• IODP Expedition 330 to the Louisville Seamount Trail will drill four underwater volcanoes off the NE coast of New Zealand. One hypothesis states that these volcanoes formed above a narrow plume of hot mantle rising from a position deep in the Earth's mantle. For decades scientists assumed these mantle plumes remain anchored there for tens of millions years, but there is mounting evidence that mantle plumes wander in a large-scale mantle wind. This expedition aims to establish how much mantle plumes may have moved over the last 80 million years and whether the Louisville hotspot moved coherently with the Hawaii hotspot. Visit the Expedition Website ...

  • Registration is open for SEAMOUNTS '09 an international workshop for Interdisciplinary Seamount Sciences at Scripps Institution of Oceanography, organized by the Seamount Biogeoscience Network (SBN). This international workshop focuses on a wide range of biological, chemical and physical seamount science themes from their deep-earth origin to their oceanography, ecology and fisheries. This workshop will provide a representative overview over state-of-the art seamount science through keynotes and poster presentations. Register now ...

  • The EarthRef Digital Archive (ERDA) invites User Upload of digital files. We recommend that you use this digital archive to store any digital file that does not fit into the structure used by the MagIC Upload Wizard found on the upper left of this page. Typical ERDA file uploads may include field work pictures, animations, video excerpts, custom software, location maps, white reports, workshop volumes, field trip guides, etc. Uploaded files will be immediately available to all users of the EarthRef.org website. Start a new ERDA file upload ...

  • The basic design of the EarthRef.org website has been updated based on feedback from many of its users. Currently, we are about to finish the Second Phase of this Redesign Project, in which we have improved the functionality and information displayed on the home pages for EarthRef.org, GERM, MagIC and ERESE. Each of these web sites will function as the Web Portal for its corresponding database, while taking advantage of the infra-structure provided by the EarthRef.org umbrella web site and database. Please check back with us on a regular basis to see how the design evolves over the next few months. We would appreciate your comments or suggestions through the Feedback form.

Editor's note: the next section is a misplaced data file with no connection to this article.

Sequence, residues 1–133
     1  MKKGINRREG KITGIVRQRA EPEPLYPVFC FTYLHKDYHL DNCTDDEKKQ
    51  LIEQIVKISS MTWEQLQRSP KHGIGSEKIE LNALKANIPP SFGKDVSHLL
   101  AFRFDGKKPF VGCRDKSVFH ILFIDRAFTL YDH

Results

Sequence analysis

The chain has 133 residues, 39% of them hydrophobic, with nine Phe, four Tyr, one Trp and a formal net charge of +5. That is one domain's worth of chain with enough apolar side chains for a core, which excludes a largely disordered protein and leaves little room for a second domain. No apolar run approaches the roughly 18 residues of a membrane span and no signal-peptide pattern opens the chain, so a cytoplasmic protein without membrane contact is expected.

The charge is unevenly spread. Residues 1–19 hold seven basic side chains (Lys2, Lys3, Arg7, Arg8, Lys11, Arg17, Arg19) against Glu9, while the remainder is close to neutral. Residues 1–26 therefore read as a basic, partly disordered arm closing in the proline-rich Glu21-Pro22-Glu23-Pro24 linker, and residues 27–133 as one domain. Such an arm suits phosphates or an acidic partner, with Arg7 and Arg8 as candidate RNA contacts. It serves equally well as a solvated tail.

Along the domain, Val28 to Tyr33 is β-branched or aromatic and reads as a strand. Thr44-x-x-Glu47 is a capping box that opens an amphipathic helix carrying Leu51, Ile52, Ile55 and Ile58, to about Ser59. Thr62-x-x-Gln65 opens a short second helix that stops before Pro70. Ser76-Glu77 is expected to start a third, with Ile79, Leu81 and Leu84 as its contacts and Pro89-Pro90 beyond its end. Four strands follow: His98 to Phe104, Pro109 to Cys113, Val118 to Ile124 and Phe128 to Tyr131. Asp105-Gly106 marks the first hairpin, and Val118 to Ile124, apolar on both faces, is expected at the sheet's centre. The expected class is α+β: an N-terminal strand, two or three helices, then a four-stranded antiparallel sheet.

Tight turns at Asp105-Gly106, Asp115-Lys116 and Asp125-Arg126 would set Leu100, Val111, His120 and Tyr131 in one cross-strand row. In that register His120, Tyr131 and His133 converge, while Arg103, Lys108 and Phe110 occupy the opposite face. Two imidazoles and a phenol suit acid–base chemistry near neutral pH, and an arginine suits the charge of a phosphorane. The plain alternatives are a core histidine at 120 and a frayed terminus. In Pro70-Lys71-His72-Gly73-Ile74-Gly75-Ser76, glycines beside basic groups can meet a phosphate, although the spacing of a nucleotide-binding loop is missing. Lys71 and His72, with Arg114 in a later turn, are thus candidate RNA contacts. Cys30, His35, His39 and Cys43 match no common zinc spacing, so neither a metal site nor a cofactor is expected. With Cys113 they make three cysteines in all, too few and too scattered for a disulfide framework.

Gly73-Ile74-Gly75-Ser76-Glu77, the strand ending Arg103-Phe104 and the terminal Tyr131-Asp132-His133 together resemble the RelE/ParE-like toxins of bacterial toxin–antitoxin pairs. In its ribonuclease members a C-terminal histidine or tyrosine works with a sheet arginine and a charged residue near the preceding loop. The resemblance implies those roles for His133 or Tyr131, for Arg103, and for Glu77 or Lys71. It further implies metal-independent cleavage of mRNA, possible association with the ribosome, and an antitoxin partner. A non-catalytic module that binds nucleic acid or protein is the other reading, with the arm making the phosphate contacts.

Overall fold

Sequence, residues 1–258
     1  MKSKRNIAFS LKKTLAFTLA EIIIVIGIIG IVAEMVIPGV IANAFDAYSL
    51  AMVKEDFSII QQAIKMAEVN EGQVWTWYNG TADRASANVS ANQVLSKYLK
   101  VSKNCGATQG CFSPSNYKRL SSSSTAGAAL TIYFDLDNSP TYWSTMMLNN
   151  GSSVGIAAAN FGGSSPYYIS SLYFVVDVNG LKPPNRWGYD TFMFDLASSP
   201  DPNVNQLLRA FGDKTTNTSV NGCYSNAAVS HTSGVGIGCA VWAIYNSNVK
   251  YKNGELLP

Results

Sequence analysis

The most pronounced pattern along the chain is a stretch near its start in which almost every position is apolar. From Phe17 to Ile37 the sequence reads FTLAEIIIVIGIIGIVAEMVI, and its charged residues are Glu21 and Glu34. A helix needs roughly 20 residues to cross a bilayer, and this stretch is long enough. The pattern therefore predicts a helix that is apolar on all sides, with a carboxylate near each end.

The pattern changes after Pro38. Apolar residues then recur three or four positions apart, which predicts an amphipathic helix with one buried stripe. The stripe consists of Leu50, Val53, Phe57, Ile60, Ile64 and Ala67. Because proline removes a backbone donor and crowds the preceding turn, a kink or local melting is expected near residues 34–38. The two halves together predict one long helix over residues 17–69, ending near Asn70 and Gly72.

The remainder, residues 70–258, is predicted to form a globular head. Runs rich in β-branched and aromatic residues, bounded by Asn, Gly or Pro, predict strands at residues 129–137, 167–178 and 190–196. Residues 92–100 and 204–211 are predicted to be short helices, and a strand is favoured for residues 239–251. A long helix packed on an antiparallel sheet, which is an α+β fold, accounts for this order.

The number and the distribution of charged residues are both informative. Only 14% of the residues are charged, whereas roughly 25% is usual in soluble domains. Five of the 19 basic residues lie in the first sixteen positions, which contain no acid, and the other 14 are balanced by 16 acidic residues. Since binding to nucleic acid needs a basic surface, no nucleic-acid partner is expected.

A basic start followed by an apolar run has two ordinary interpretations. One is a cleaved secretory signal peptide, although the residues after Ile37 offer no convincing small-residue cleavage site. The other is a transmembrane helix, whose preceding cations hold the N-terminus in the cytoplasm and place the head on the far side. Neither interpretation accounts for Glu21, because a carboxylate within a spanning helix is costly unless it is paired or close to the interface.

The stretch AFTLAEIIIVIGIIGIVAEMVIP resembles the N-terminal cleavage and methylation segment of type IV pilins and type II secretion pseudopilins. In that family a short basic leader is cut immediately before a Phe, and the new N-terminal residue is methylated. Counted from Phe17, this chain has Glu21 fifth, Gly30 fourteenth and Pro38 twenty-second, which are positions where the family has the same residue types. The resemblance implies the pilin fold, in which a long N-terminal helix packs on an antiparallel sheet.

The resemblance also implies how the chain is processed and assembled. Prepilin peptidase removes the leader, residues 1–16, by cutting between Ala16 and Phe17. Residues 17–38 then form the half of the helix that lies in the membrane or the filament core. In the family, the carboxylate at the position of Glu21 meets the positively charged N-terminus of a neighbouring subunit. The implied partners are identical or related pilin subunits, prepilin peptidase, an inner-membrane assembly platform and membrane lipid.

• A two week learning segment on Hotspot Volcanoes has been implemented through a collaborative effort between Melanie McWilliams, a high school Earth and Planetary Science teacher at Chula Vista High School in California, and Jamie A. Russell, a masters student at the Scripps Institution of Oceanography. Utilizing data collected during Jamie's research, the students were taught about the hotspot theory and how hotspot volcanoes are important to understanding other Earth science concepts. The segment begins with five lessons, one for each day of the week and culminates with a group project for the students. Read more ...

  • The First SBN Workshop finished successfully with the presentation of 20 keynote presentations and more than 25 posters. All keynote presentations are now available as Microsoft Powerpoint presentations, Adobe Acrobat PDF's or QuickTime Movies from the ERDA digital archive. Poster presentations will become available from this online archive as well over the coming weeks. Download here ...

  • The First SBN Workshop will be held on March 24-25, 2006 at the Scripps Institution of Oceanography in La Jolla, California. The goal of the Seamount Biogeosciences Network (SBN) is to bring together all the diverse science disciplines involved in seamount research, to communicate about and discuss seamount science and to explore innovative ways to network amongst the diverse communities that work on seamounts. This upcoming workshop will feature keynote and discussion sessions on important seamount science issues, the sharing of data across disciplines, and the potential of sharing shore-based and seagoing logistics. SBN is funded as Research Coordination Network (RCN) by the NSF-BIO and OCE directorates. Read more ...

  • The Southern Indian Ocean Deepwater Fishers' Association (SIODFA) announces the first Voluntary Closures to High-Seas Deepwater Trawling in eleven Indian Ocean areas. Combined these areas equal Australia's Great Barrier National Park. By not fishing in these areas, their deepwater corals and accompanying benthic fauna will gain protection in one of the least explored deepwater areas of the world. Read more ... or get some Background information ...